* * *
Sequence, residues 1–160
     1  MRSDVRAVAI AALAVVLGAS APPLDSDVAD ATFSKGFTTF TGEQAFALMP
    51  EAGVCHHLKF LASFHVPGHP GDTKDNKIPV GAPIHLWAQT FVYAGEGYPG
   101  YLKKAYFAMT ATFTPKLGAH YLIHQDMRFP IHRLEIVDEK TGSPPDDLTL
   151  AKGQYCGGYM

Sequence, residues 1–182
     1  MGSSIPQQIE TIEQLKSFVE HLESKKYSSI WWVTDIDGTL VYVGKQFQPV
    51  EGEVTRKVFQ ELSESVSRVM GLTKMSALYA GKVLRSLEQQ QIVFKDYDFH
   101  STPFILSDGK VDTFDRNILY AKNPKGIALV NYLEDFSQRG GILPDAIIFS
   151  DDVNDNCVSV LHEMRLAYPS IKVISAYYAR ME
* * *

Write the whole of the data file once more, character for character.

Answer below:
Sequence, residues 1–160
     1  MRSDVRAVAI AALAVVLGAS APPLDSDVAD ATFSKGFTTF TGEQAFALMP
    51  EAGVCHHLKF LASFHVPGHP GDTKDNKIPV GAPIHLWAQT FVYAGEGYPG
   101  YLKKAYFAMT ATFTPKLGAH YLIHQDMRFP IHRLEIVDEK TGSPPDDLTL
   151  AKGQYCGGYM

Sequence, residues 1–182
     1  MGSSIPQQIE TIEQLKSFVE HLESKKYSSI WWVTDIDGTL VYVGKQFQPV
    51  EGEVTRKVFQ ELSESVSRVM GLTKMSALYA GKVLRSLEQQ QIVFKDYDFH
   101  STPFILSDGK VDTFDRNILY AKNPKGIALV NYLEDFSQRG GILPDAIIFS
   151  DDVNDNCVSV LHEMRLAYPS IKVISAYYAR ME